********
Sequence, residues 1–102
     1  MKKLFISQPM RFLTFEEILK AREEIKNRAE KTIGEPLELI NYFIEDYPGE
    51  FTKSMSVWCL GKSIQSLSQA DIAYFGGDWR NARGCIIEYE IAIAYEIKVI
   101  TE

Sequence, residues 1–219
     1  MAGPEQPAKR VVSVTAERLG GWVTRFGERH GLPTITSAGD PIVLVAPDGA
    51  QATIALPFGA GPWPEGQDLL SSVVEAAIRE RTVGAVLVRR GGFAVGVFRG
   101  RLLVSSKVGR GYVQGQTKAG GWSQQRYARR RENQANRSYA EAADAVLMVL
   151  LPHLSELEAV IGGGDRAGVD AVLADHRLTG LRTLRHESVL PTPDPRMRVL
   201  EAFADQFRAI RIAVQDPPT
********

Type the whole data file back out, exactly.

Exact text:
Sequence, residues 1–102
     1  MKKLFISQPM RFLTFEEILK AREEIKNRAE KTIGEPLELI NYFIEDYPGE
    51  FTKSMSVWCL GKSIQSLSQA DIAYFGGDWR NARGCIIEYE IAIAYEIKVI
   101  TE

Sequence, residues 1–219
     1  MAGPEQPAKR VVSVTAERLG GWVTRFGERH GLPTITSAGD PIVLVAPDGA
    51  QATIALPFGA GPWPEGQDLL SSVVEAAIRE RTVGAVLVRR GGFAVGVFRG
   101  RLLVSSKVGR GYVQGQTKAG GWSQQRYARR RENQANRSYA EAADAVLMVL
   151  LPHLSELEAV IGGGDRAGVD AVLADHRLTG LRTLRHESVL PTPDPRMRVL
   201  EAFADQFRAI RIAVQDPPT